In the Nov. 8 general election, incumbent Camas-Washougal Port Commissioner Bill Ward will face off against pilot Neil Cahoon.
In early returns, Ward took 62.08 percent of the vote, while Cahoon claimed 26.80 percent. A third challenger, David Luse, received 9.79 percent of the votes cast.
Controversy over the future of Grove Field Airport looms large in the campaign for the No. 2 position on the port’s board of commissioners.
Incumbent Commissioner Bill Ward defended his vote against pursuing funding from the Federal Aviation Administration to improve the port-owned airport, which handles small aircraft such as single-engine Cessnas.
His opponents, Cahoon and Luse — both of whom are pilots — argued the unanimous decision by Ward and commissioners Mark Lampton and Bill Macrae-Smith was a bad call.
In July, the board voted unanimously against pursuing federal funding for a proposed $10 million plan to improve the airport. Commissioners argued that general aviation is in decline and that accepting FAA funds would result in a loss of local control over the airport.
Backers argued the proposed airport improvements would create construction jobs, increase airport safety and preserve airport operations into the future.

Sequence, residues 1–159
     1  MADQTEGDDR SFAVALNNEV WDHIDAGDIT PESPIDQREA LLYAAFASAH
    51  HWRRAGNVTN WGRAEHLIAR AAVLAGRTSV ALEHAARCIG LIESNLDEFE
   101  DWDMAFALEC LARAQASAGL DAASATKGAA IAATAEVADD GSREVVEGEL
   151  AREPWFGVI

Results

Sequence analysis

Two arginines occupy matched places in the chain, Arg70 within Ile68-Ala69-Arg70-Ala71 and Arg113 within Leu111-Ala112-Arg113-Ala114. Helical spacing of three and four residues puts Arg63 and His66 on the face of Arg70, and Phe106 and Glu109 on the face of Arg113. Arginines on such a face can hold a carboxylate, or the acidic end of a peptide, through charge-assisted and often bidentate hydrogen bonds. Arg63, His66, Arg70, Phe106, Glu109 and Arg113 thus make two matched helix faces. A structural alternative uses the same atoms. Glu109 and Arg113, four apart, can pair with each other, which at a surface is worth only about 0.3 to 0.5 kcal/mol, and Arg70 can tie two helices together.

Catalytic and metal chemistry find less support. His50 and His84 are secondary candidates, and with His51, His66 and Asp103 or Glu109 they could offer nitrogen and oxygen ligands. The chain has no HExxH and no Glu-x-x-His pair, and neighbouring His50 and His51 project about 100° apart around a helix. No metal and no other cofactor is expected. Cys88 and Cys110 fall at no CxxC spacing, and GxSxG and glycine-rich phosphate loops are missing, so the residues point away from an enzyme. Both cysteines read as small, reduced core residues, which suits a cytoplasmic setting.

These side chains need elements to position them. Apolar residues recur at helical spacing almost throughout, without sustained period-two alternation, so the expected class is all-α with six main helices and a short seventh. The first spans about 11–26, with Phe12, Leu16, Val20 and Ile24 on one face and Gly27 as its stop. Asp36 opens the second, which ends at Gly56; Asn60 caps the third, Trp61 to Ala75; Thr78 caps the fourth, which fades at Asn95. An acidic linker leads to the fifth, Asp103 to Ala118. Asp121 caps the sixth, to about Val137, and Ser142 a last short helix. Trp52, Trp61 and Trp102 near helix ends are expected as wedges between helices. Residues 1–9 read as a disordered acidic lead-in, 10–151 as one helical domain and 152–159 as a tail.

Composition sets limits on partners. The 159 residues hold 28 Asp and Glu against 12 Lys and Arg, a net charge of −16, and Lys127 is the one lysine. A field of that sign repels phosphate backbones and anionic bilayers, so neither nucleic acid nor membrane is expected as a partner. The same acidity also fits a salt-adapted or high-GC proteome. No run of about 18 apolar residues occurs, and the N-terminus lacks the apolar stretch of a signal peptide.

Ward said Tuesday night that he doesn’t expect a close fight in the general election. He owns an engineering consulting firm in Camas. His educational background includes a master’s degree in business.
“I have continued to be amazed that candidates with only their self-interests in mind think they can expect to get the support of an electorate that’s as intelligent as the people out here in Camas and Washougal,” Ward said. “I just have a lot of confidence in the ability of our voters to recognize candidates who are looking after them.”
Cahoon, who has a master’s degree in engineering, is a flight officer for Delta Air Lines.
He said he wasn’t worried about the wide margin of votes in the primary.
“I’m very much encouraged by the outcome of the election tonight,” Cahoon said. “I’m looking forward to the next couple of months, getting out and talking to the voters and hopefully becoming a port commissioner next year.”